THE trial of a Managing Director of defunct Bank PHB, Francis Atuche, over alleged N125 billion fraud, on Tuesday continued before a Federal High Court in Lagos, with a second prosecution witness, Mrs Philipa Odesi, giving evidence.
Atuche was charged alongside a former Managing Director of Spring Bank Plc, Charles Ojo, on an amended 45 counts.
The defedants were arraigned before Justice Saliu Saidu on Feb. 20, 2014, before the judge was transferred out of the Lagos jurisdiction.
Following the transfer of Saidu, the case file was assigned to Justice Ayokunle Faji and the defendants were re-arraigned on Feb. 18, 2017.
Although, Justice Saidu was eventually returned to the Lagos division, the matter still continued before Faji.
The defedants pleaded not guilty to the charges on their re-arraignment, while the court allowed them to continue on the bail granted by Saidu.
When trial resumed on Tuesday, the second prosecution witness (Odesi) who worked as a staff of the defunct Bank PHB, gave evidence as to the procedure for disbursement of credit facilities.
Led in evidence by the prosecutor, Mr Kemi Pinhero (SAN), the witness told the court that the head of the Credit Admin of the bank, was also the head of the Management Credit Committee.
According to her, when approval of credit is given, the Credit Admin receives same and sends it to relevant officers of the bank, who then issue offer letters based on the terms recommended by the credit analysis.
The witness told the court that if the offers did not go back to the credit Admin, it meant the customer rejected the terms of the offer, but if accepted, it would be sent to the Credit Control, to meet the conditions precedent to draw down.
She told the court that if the credit sum was beyond the limit of approval of the Board Credit Committee (BCC), it would be referred to the Full Board for approval.
According to her, if the credit is approved by the BCC, offer letters are issued after it has gone through the circle of meeting the condition precedent to draw down (disbursement).
The witness, however, told the court that at this point, the offer could also be dropped, if the condition for the offer were not acceptable to the customer, in which case, it would not’t be sent to the BCC for approval.
The prosecutor then asked the witness what a credit appraisal memorandum meant, and she replied that it was a document containing the full proposal of credit as presented by a customer to the bank, requesting for credit.
“It also contains recommendations of the credit office as well as signatures of the relevant approving authorities,” she said
The prosecutor further asked the witness, “So the xredit appraisal memorandum contains proposal, recommendations and approval,”
The witness replied, “Yes”, adding that credit officers were expected to rely on information based on the document to check if the credit would meet the bank’s risk acceptance criteria.
Besides, she told the court that for control purposes, the officers would not interface with customers to avoid bias.
The prosecutor asked, “Will I be correct to say that it also contains analysis of the review of the credit office?”
The witness replied, “Yes”.
When asked where information concerning the customer would be kept, the witness replied, “The credit memorandum.”
On who presents the credit memorandum to credit officers, the witness told the court that it could come from all sections of the bank.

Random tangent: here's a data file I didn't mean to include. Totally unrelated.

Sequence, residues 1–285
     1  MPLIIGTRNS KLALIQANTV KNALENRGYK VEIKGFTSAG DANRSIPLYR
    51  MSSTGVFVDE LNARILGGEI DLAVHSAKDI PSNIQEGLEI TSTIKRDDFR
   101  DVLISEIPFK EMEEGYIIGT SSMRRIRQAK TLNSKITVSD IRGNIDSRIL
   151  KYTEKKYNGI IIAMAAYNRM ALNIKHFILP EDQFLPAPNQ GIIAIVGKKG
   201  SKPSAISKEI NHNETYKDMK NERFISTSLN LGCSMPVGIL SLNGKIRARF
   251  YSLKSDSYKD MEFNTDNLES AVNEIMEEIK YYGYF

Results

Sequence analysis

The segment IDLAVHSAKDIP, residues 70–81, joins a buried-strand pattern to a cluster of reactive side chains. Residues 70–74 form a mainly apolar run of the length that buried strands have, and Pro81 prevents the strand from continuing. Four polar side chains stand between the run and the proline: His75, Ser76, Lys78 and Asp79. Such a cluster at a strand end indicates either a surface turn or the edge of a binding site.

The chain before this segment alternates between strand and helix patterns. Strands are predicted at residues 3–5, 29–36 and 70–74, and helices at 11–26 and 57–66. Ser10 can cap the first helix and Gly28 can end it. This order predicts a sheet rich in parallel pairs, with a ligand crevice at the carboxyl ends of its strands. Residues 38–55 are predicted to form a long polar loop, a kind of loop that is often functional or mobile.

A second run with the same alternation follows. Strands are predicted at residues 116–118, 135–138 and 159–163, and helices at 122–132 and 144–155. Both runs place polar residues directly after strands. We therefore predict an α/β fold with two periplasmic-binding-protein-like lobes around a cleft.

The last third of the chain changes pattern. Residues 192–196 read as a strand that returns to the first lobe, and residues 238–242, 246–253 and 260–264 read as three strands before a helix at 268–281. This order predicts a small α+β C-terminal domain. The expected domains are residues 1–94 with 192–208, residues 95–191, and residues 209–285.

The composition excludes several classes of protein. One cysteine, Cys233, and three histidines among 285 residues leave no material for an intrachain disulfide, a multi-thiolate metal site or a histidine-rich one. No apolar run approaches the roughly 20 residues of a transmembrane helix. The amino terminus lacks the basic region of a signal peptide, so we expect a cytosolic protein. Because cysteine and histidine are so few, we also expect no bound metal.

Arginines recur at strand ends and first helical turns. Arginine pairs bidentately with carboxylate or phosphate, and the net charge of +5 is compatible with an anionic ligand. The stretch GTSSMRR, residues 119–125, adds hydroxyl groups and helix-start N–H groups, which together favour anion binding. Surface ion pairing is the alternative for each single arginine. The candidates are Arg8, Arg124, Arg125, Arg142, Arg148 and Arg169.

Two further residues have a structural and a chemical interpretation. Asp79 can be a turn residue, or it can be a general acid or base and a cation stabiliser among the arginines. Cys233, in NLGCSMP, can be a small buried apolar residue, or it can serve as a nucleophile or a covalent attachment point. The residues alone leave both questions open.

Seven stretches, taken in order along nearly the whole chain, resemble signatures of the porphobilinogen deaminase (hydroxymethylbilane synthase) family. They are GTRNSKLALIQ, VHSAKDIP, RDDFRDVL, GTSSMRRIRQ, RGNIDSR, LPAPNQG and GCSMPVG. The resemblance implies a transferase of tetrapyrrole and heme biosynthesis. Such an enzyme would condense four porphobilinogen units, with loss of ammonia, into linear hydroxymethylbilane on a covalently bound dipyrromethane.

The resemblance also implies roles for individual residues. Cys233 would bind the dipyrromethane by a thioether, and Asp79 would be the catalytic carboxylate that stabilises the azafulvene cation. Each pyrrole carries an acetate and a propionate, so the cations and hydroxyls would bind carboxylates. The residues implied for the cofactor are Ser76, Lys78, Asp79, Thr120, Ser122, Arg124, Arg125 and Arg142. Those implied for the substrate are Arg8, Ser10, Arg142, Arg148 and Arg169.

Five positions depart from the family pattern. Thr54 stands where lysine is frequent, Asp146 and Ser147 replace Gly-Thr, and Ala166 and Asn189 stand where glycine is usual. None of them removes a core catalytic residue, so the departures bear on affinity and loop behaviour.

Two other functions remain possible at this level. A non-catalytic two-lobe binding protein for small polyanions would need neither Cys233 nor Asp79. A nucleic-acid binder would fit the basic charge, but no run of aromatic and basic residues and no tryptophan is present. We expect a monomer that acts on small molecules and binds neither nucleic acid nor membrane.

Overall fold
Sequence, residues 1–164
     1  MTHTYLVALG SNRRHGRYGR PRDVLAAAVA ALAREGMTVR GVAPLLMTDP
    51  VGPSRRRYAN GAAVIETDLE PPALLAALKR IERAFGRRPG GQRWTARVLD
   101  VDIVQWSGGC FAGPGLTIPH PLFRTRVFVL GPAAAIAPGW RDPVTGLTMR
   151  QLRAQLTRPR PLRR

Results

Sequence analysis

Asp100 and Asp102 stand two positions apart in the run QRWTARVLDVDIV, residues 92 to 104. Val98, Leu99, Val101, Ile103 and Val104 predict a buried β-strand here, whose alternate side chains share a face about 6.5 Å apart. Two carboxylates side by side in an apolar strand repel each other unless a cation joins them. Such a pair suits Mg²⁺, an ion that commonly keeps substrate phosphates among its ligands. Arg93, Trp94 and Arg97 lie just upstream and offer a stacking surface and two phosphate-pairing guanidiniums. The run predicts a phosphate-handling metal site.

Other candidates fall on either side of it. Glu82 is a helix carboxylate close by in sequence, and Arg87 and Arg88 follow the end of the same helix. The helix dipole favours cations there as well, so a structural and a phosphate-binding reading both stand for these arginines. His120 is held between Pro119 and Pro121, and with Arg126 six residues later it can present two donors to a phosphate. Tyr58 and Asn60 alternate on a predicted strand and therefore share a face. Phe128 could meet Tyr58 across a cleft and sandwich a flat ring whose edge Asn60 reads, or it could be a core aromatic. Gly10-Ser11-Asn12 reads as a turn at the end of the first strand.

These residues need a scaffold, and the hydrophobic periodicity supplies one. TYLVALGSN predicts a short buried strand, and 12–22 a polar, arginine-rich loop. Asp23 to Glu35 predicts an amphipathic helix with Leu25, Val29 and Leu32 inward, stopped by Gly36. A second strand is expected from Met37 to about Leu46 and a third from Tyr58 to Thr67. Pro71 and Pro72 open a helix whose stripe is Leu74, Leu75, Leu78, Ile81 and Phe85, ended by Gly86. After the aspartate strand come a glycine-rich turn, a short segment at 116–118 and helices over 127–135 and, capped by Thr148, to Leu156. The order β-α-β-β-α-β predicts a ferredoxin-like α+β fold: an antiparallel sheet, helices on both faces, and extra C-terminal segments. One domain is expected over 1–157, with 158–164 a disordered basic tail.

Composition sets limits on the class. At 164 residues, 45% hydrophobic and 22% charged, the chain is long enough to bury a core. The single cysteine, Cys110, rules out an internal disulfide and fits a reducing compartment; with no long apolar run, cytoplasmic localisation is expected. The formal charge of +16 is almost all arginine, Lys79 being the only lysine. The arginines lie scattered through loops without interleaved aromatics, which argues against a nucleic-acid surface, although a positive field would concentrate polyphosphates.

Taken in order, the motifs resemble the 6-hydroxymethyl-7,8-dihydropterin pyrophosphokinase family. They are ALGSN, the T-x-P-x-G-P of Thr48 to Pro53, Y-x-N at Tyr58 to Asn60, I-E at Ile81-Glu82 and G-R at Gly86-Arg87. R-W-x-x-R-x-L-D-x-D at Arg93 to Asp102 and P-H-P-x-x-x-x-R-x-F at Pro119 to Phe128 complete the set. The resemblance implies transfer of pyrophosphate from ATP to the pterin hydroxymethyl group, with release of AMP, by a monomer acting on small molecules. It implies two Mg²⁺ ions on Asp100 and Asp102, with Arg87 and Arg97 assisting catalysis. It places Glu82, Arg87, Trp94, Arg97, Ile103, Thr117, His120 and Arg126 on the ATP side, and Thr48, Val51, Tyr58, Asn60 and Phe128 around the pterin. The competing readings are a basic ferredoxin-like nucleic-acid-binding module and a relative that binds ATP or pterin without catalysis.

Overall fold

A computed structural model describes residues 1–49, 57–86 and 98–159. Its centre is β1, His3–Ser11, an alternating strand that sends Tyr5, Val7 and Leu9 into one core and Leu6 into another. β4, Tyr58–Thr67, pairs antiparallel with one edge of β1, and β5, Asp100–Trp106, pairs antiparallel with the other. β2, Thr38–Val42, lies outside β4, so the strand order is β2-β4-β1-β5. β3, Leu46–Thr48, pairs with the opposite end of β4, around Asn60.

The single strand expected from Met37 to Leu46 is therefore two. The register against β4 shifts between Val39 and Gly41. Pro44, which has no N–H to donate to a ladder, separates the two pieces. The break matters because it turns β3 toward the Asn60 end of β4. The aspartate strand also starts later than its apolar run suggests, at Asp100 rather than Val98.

She added that the credit office interfaced with various sections.
She further explained that credits were sent to the Credit Analysis Unit.
According to her, the Credit Control Department ensured that the conditions precedent to draw down were met.
When asked why the approval or review of every credit was by the Credit Office, she replied that every bank had a risk acceptance criteria which might come in any form.
She also told the court that in Bank PHB credits were looked at objectively and without bias.
“Credit officers independently look at credit submitted to it based on information available, and where they feel it does not meet the bank’s risk acceptance criteria, they notify the bank,” she said.
On how important are the recommendations of credit officers, the witness said: “It is very important because, as credit officers, you are expected to analyse all the risks and provide mitigants to these risks.
“Where you are not in a position to provide mitigants, you are not expected to recommend,” she said.
Continuation of the trial will be on June 13.
The defedants were first arraigned in 2009 before Justice Akinjide Ajakaiye.
Ajakaiye had granted them bail in the sum of N50 million each with two sureties each in like sum.
They were later re-arraigned before Justice Binta Murtala-Nyako on Feb. 3, 2012, and subsequently, re-arraigned before Justice Rita Ofili-Ajumogobia on Jan. 16, 2013, following the transfer of Murtala Nyako.
Both judges had adopted the bail terms granted by Ajakaiye.
The EFCC on Feb. 20, 2014, re-arraigned the defendants before Justice Saliu Saidu, following a re-assignment of the case, and then re-arraigned them in 2017 before Faji.
According to the charge, the defedants allegedly granted credit facilities, manipulated shares and committed general banking fraud to the tune of N125 billion.
The alleged offences contravene the provisions of Sections 7(2) (b) of the Advanced Fee Fraud Act, 2004, and Sections 15(1) of the Failed Banks (Recovery of debts) and Financial Malpractices in Banks Act, 2004.
They also contravene the provisions of Section 516 of the Criminal Code Act, Cap C38, Laws of the Federation, 2004, as well as Section 14 (1) of the Money Laundering Prohibition Act, 200.
– June 11, 2019 @ 18:59 GMT |